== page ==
Segmented Labor, Fractured Politics

Labor Politics in American Life

  • William Form

Part of the Springer Studies in Work and Industry book series (SSWI)

Table of contents

  1. Front Matter
    Pages i-xviii
  2. Change and Decline

  3. Labor Politics in Three Cities

    1. Front Matter
      Pages 87-87
    2. Pages 119-149
    3. Pages 151-181
    4. Pages 183-217
  4. Labor in National Politics

  5. Back Matter
    Pages 337-377

About this book

Introduction

My curiosity and concern about the working class in America stems from childhood memories of my father, a cabinetmaker, and of my oldest brother, an autoworker, who were passionately involved in the labor movement. Perhaps because they so wanted the working class to achieve greater social and economic justice and because they insisted it was not happening, I became curious to know the reasons why. Without even being aware of it, I began to explore a possible explanation—the internal diver­ sity of the working class. In my studies of autoworkers (the prototype proletarians) in the United States, Italy, Argentina, and India, I discovered that they seemed to be more divided economically, socially, and politically in the more eco­ nomically advanced countries—an idea that ran contrary to the evolution­ ary predictions of my Marxist friends. When I reported this in Blue-Collar Stratification (1976), I was surprised that some of them who were commit­ ted to an ideology of working-class solidarity attacked the hypothesis because it ran against their convictions.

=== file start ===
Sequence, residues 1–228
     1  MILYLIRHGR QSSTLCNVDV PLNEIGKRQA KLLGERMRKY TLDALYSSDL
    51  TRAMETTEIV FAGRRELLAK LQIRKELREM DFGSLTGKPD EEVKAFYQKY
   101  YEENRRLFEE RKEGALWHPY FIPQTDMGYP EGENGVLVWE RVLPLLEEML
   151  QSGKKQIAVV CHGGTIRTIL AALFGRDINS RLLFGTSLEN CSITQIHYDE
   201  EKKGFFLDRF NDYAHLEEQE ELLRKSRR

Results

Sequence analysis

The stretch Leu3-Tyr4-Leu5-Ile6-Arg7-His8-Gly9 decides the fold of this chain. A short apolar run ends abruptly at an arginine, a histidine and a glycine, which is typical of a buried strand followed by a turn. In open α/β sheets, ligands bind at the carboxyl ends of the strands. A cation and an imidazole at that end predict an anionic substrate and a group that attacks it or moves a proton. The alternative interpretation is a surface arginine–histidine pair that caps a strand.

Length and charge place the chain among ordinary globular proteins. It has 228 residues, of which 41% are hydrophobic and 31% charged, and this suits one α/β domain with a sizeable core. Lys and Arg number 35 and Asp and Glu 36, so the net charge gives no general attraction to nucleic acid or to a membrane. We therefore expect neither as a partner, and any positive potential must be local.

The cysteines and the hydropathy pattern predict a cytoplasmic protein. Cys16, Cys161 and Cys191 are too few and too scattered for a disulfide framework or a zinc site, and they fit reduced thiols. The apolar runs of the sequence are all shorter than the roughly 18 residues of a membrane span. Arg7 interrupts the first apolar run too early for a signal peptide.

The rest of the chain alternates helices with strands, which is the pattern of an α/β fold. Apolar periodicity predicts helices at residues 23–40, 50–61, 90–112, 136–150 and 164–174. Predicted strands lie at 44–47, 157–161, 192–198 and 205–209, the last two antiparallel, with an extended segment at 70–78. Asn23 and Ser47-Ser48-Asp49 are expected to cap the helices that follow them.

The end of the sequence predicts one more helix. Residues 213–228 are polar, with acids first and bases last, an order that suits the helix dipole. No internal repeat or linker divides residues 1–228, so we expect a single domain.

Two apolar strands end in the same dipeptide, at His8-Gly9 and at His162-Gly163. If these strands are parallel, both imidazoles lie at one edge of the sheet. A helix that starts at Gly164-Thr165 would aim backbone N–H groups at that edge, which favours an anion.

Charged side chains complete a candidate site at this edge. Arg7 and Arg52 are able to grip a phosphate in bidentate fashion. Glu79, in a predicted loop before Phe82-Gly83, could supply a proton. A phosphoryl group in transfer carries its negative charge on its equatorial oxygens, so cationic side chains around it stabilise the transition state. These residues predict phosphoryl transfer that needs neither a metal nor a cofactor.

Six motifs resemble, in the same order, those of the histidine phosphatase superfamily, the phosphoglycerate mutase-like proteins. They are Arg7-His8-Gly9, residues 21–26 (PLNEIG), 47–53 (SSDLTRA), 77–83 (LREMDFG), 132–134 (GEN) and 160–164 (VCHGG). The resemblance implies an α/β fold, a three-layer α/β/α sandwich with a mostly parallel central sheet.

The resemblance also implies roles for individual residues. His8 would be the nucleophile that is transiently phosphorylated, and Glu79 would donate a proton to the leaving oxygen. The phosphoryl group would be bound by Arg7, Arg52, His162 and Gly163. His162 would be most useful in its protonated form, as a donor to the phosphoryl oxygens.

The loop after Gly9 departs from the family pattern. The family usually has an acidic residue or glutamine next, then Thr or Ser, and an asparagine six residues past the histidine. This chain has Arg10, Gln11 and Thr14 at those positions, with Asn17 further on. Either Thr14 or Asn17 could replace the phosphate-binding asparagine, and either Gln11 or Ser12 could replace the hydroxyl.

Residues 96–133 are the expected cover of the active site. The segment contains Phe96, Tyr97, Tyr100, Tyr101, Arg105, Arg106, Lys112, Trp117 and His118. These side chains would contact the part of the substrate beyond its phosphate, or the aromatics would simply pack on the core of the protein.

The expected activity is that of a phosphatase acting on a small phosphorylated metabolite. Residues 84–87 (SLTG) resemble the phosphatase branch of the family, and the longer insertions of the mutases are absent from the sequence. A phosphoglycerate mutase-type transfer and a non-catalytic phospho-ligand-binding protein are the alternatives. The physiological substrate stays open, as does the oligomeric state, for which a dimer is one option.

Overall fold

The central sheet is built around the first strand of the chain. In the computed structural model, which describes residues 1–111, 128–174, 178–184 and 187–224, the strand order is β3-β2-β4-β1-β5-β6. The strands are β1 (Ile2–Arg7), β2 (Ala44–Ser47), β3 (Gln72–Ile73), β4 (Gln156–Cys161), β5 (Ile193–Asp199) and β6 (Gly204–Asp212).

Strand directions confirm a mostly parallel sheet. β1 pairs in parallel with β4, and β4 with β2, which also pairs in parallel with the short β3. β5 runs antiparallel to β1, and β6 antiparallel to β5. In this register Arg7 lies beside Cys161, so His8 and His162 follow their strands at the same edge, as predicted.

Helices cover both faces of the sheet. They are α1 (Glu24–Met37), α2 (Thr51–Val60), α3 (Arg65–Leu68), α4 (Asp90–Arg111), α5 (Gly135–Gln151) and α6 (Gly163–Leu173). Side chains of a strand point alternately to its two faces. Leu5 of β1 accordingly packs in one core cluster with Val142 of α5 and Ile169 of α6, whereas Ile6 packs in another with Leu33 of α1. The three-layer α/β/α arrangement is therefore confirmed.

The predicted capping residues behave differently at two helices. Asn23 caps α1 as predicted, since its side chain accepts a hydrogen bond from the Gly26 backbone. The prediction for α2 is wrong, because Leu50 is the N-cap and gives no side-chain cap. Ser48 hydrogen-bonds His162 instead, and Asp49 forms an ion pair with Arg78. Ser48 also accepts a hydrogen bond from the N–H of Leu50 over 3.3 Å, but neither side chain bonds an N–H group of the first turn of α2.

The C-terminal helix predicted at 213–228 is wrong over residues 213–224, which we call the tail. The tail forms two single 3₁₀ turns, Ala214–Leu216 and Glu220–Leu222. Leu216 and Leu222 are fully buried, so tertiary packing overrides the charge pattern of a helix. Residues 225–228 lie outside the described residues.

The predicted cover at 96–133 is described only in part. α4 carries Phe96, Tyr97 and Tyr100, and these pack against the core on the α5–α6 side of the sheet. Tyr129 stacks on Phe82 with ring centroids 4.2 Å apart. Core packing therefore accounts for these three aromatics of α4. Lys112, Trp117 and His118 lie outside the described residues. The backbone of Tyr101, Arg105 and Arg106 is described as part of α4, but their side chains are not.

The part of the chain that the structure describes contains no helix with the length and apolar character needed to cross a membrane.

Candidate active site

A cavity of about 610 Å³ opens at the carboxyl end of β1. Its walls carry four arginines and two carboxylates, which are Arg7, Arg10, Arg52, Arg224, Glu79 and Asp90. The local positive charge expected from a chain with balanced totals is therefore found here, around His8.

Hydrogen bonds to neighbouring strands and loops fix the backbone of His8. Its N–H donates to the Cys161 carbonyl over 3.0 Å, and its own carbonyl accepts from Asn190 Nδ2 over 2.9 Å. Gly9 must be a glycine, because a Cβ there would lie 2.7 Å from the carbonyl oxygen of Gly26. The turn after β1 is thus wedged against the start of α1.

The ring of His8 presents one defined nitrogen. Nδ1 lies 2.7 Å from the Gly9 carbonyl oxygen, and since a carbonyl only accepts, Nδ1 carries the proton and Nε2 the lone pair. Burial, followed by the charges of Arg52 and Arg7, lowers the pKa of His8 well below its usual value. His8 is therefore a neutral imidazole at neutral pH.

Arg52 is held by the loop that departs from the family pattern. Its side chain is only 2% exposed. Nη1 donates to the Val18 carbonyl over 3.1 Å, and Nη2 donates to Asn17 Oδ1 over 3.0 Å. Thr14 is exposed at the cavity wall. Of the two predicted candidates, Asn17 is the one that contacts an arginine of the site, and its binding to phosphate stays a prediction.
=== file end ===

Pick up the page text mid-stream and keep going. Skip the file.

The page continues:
Keywords

Import Nation Politics environment labor politics organization organizations

Authors and affiliations

  • William Form
    • 1
  1. 1.The Ohio State UniversityColumbus

Bibliographic information

  • DOI https://doi.org/10.1007/b102395
  • Copyright Information Plenum Press, New York 1995
  • Publisher Name Springer, Boston, MA
  • eBook Packages Springer Book Archive
  • Print ISBN 978-0-306-45031-0
  • Online ISBN 978-0-585-28764-5
  • About this book
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